How Much Do Fishing Guides Make in 2020?
If you’re an avid fisherman you’ve probably wondered what it would be like to be a professional fishing guide. Getting to spend your day out on the water doing something you love sounds like a sweet deal. With many trips costing $500 to over $1,000 for a whole day trip, guides seem to have it pretty good. But how much do fishing guides really make in 2020?
Keep reading to find out!
We started by reaching out to various guides we know. Lucky for us, we have a friend who is a retired professional salmon fishing guide. He gave us all the details on how much fishing guides can make in 2020. He also highlighted other interesting details of life on the water.
First, we wanted to be clear that we’re talking with a professional salmon fishing guide – not a deep-sea trawling fisherman or a more dangerous Alaskan crab fisherman. Those more intense jobs can bring in much more money (at the expense of serious job hazards). Alaskan crab fisherman reportedly bring in $50,000 to $60,000 over a single season which is only three months. This is also with no overhead or capital investment.
The guide we spoke to gave us an overview of his operation. There were a few things he mentioned from the get-go that need to be considered when determining how much you could make as a guide.
- Most fish are seasonal; there will be times of the year when business is booming, and times when it’s really slow. So your income won’t be steady throughout the entire year.
- There are some substantial upfront costs to being a guide. You need to buy a boat that can accompany the number of people you plan on taking on guided trips, as well as for the type of water you plan on fishing. This can easily cost you upwards of $50,000.
- You’ll need to be quite good at catching fish. If your guests don’t think you’re doing your job well, you’ll likely lose out on a tip and future business.
- Catching fish is only half the job – you also have to entertain your guests and enjoy interacting with people from all walks of life. If you don’t like making small talk for hours on end, you probably won’t enjoy being a guide.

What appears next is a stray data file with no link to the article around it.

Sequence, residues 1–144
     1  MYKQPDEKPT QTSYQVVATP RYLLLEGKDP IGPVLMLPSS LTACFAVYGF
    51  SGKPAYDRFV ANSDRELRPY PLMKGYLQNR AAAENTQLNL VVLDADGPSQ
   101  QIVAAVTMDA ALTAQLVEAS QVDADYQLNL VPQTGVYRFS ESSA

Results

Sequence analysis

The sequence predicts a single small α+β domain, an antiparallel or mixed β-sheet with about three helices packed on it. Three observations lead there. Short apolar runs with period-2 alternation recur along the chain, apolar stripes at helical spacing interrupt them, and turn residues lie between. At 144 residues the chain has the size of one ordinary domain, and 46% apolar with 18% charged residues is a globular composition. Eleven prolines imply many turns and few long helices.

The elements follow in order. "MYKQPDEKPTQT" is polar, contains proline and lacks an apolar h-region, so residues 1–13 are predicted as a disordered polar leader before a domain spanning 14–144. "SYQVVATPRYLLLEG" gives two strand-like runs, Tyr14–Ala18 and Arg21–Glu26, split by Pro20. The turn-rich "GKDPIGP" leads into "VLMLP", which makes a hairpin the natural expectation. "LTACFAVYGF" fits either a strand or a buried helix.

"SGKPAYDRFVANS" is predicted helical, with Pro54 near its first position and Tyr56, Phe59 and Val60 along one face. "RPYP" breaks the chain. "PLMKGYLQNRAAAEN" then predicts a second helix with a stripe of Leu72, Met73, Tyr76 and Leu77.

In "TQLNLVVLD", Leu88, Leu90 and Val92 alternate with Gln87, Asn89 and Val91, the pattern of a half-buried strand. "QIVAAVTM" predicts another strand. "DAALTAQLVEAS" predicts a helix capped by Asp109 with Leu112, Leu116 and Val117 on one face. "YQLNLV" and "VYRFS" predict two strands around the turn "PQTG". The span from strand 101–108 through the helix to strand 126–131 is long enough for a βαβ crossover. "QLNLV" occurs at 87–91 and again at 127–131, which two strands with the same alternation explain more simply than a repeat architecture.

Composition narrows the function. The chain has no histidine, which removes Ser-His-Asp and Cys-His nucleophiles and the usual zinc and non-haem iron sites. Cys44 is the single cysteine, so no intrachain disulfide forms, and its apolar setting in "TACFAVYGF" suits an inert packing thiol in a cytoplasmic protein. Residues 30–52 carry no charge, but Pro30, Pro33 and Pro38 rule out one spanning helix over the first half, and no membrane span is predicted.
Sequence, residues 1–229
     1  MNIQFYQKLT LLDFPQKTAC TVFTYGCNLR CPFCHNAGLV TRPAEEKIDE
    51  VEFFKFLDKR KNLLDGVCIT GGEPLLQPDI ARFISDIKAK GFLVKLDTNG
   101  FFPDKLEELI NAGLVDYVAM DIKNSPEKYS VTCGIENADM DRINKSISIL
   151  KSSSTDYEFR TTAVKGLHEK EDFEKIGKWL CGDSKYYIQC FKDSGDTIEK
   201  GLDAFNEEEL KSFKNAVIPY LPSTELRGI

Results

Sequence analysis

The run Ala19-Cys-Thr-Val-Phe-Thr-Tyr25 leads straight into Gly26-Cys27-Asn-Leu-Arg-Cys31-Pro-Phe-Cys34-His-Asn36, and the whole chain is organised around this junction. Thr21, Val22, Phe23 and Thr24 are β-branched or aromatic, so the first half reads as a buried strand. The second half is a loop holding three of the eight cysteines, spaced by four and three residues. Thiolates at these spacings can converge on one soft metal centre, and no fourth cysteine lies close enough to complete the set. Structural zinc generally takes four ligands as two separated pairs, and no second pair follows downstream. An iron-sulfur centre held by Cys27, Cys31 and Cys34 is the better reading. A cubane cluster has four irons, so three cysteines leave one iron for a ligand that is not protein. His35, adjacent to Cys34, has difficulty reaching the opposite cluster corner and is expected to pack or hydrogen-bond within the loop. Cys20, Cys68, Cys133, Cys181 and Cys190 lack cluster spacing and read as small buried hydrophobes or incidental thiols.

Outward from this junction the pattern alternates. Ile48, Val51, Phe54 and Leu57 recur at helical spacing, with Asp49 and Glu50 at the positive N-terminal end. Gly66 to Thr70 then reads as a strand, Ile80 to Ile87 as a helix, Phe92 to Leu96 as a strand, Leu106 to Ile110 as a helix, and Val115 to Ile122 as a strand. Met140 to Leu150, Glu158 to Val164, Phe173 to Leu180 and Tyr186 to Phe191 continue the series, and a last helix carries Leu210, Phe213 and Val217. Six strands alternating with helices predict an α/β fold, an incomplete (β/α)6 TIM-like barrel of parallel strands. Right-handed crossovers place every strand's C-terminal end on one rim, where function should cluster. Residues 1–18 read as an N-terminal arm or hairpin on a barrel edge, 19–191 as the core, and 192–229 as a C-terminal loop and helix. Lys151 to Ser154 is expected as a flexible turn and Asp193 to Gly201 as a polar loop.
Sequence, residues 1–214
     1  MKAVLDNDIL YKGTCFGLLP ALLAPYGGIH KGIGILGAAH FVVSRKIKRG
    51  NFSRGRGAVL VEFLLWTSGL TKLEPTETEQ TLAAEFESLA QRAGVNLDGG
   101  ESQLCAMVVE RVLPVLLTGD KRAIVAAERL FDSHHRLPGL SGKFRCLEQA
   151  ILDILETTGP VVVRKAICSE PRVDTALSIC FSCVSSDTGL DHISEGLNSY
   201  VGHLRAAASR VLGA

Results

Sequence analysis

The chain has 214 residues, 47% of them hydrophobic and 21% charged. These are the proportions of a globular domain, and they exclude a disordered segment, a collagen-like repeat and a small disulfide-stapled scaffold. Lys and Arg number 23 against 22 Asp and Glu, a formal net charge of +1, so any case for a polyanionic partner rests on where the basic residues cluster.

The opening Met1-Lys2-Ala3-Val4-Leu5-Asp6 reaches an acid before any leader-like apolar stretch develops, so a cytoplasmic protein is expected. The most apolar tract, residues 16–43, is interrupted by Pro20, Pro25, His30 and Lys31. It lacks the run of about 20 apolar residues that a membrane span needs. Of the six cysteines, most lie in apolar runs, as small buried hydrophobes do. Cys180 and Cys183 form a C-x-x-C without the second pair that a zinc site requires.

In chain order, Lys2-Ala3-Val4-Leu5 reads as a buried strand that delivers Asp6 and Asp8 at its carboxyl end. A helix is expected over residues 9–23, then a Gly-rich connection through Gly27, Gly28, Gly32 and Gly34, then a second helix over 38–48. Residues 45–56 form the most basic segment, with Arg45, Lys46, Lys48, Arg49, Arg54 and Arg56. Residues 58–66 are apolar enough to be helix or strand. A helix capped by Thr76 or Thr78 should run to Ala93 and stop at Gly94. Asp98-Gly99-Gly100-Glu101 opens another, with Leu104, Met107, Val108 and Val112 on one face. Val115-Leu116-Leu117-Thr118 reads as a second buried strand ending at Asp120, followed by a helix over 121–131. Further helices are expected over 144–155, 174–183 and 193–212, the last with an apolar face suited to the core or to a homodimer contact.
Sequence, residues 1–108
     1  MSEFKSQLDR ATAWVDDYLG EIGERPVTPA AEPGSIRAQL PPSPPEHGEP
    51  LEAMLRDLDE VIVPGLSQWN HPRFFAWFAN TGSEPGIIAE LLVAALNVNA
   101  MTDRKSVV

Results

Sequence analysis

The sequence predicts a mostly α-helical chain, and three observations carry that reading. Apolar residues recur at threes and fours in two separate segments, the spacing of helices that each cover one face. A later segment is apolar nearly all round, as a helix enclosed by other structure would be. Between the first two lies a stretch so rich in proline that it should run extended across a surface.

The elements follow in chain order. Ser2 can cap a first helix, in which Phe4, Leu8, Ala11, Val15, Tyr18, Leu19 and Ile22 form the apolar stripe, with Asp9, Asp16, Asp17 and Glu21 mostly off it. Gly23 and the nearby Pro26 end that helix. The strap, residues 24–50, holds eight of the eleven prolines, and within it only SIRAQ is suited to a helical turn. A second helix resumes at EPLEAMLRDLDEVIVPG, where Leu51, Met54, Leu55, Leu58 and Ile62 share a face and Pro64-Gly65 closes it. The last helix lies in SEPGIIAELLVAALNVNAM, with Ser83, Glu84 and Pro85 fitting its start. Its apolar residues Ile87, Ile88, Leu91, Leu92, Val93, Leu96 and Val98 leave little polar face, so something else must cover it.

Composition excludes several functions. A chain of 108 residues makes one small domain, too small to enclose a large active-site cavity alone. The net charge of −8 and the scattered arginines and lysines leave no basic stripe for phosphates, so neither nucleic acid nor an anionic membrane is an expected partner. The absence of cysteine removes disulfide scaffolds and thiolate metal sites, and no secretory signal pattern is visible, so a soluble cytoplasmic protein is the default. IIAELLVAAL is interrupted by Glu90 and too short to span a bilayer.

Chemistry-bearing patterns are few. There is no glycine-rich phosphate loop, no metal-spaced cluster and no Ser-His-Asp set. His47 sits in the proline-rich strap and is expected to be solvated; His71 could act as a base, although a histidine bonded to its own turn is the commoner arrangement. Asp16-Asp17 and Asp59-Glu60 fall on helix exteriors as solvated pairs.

If those points don’t discourage you, then becoming a guide could be a good move. We next asked our friend how much he made on a good year. He charged $400 for a half-day and $800 for a full day, if the guests tipped well he was usually bringing in close to $1,000 a day. Sounds pretty good for doing what he loves, right?
This didn’t include expenses, which depending on where they went on the water varied. Gas usually cost around $50 for the whole day, with bait and lures another $20 on average. If he lost more lures than normal that expense would go up. If he included wear and tear on his boat/trailer, the expense for each day was around $100. This meant he made around $900 a day for a full day of fishing.
Now we have to consider how many full days a year he got in. Considering there’s really only four months a year salmon fishing is worth getting a guide, we can estimate his total number of days to be around 48. This is an average of 4 days a week for 12 weeks.
This brings his total to a little over $43,000 a year. Not bad considering he didn’t guide 8 months out of the year.
There you have it – that’s how much fishing guides make in 2020. If you’re retired or can live frugally, becoming a fishing guide could be a viable option for you. An income of $43,000 is definitely enough to live off of if you’ve saved up and aren’t making payments on other assets (like a home or vehicles). If you take the plunge and start your own guiding business, let us know in the comments!